However, she continues,
"Librarians should advocate for transparency on how machine learning determines what constitutes misinformation or predatory publishers, because evaluating information resources and teaching others to do the same is a librarian’s role.” (pp. 373-374)
I will leave you with those thoughts on the future of science librarianship and predatory publishers.
ACRL. (2020). Scholarly communication toolkit: Evaluating journals. Association of College and Research Libraries. https://acrl.libguides.com/scholcomm/toolkit/evaluating
Beall, J. (2017). What I learned from predatory publishers. Biochemia Medica, 27(2), 273–278. https://doi.org/10.11613/BM.2017.029
Berger, M. (2017). Everything you ever wanted to know about predatory publishing but were afraid to ask. At the Helm: Leading Transformation, 206–217. http://www.ala.org/acrl/sites/ala.org.acrl/files/content/conferences/confsandpreconfs/2017/EverythingYouEverWantedtoKnowAboutPredatoryPublishing.pdf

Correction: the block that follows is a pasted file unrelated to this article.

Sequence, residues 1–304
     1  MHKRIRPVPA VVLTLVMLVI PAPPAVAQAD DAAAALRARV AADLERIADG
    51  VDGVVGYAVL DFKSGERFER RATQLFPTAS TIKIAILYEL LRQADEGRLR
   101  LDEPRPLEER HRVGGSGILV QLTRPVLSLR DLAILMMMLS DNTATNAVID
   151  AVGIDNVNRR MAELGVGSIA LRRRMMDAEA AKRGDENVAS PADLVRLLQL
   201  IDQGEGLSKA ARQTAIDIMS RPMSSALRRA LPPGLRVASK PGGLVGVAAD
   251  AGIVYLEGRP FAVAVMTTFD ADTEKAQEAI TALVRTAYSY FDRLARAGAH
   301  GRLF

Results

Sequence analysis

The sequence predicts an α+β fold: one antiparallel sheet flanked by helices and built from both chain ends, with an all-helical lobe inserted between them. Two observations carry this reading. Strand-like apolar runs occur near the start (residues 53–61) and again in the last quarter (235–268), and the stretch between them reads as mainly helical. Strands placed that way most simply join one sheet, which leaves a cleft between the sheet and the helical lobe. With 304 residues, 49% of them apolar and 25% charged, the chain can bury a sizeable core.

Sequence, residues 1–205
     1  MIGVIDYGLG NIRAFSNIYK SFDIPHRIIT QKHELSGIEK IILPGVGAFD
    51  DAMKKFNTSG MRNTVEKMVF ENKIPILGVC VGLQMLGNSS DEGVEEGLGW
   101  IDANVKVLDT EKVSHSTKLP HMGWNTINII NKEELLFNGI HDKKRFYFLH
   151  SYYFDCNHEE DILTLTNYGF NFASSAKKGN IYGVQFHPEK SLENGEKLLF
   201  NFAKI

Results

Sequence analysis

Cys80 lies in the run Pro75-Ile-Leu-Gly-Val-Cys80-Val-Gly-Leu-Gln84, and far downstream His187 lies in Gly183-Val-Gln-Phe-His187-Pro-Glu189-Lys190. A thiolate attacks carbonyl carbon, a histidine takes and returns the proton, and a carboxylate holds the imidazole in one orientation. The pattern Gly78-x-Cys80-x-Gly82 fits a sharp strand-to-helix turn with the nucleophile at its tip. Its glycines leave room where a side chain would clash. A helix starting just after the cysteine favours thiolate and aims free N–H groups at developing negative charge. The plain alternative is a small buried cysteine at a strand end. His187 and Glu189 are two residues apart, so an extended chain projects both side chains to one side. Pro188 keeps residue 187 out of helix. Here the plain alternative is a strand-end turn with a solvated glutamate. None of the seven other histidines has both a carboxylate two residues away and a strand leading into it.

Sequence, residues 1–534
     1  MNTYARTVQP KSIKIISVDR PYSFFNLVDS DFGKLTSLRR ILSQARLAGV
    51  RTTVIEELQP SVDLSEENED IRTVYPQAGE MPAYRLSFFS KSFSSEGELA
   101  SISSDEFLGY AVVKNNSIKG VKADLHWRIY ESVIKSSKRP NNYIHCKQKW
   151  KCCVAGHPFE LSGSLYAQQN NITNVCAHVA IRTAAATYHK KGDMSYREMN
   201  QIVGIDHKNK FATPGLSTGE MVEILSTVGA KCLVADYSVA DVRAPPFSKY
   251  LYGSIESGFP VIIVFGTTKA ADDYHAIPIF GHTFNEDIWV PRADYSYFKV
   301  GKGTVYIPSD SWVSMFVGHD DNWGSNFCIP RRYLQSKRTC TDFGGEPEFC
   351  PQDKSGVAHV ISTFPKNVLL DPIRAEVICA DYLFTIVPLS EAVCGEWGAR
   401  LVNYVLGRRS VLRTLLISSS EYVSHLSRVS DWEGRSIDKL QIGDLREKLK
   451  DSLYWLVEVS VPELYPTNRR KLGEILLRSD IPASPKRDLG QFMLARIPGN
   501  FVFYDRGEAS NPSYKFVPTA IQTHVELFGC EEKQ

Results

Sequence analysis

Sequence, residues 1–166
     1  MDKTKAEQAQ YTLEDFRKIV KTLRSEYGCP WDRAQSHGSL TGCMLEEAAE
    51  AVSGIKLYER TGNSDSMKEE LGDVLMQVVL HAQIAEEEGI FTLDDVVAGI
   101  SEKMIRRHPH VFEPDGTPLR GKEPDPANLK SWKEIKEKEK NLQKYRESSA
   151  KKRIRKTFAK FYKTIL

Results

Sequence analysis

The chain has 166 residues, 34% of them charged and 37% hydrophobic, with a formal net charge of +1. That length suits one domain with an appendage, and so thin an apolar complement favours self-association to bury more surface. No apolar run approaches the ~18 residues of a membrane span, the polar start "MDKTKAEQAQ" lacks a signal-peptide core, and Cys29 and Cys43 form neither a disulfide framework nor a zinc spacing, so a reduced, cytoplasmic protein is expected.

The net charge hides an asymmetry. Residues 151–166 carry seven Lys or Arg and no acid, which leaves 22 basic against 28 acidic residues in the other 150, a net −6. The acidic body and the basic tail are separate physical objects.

Blakeslee, Sarah. (2019). Literature reviews: The CRAAP test. Meriam Library. http://libguides.csuchico.edu/c.php?g=414315&p=2822716
Grudniewicz, A., et. al. (2019). Predatory journals: No definition, no defence. Nature, 576(7786), 210–212. https://doi.org/10.1038/d41586-019-03759-y
Ojala, M., Reynolds, R. & Johnson, K.-G. (2020). Predatory journal challenges and responses. The Serials Librarian: 1-6. doi: 10.1080/0361526X.2020.1722894
Pomputius, A. (2019). Putting misinformation under a microscope: Exploring technologies to address predatory false information online. Medical Reference Services Quarterly, 38(4), 369–375. https://doi.org/10.1080/02763869.2019.1657739
Teixeira da Silva, J. A., Dobránszki, J., Tsigaris, P., & Al-Khatib, A. (2019). Predatory and exploitative behaviour in academic publishing: An assessment. The Journal of Academic Librarianship, 45(6), 102071. https://doi.org/10.1016/j.acalib.2019.102071
Think. Check. Submit. (2020). Think. Check. Submit. https://thinkchecksubmit.org/
Understanding Predatory Publishers. (2019). Iowa State University - University Library. https://instr.iastate.libguides.com/predatory
Winker, Margaret A., & Laine, Christine. (2017). Identifying predatory or pseudo-journals. WAME: The World Association of Medical Editors. http://www.wame.org/identifying-predatory-or-pseudo-journals
Wood, K. E., & Krasowski, M. D. (2020). Academic e-mail overload and the burden of “Academic Spam”. Academic Pathology, 7, 237428951989885. https://doi.org/10.1177/2374289519898858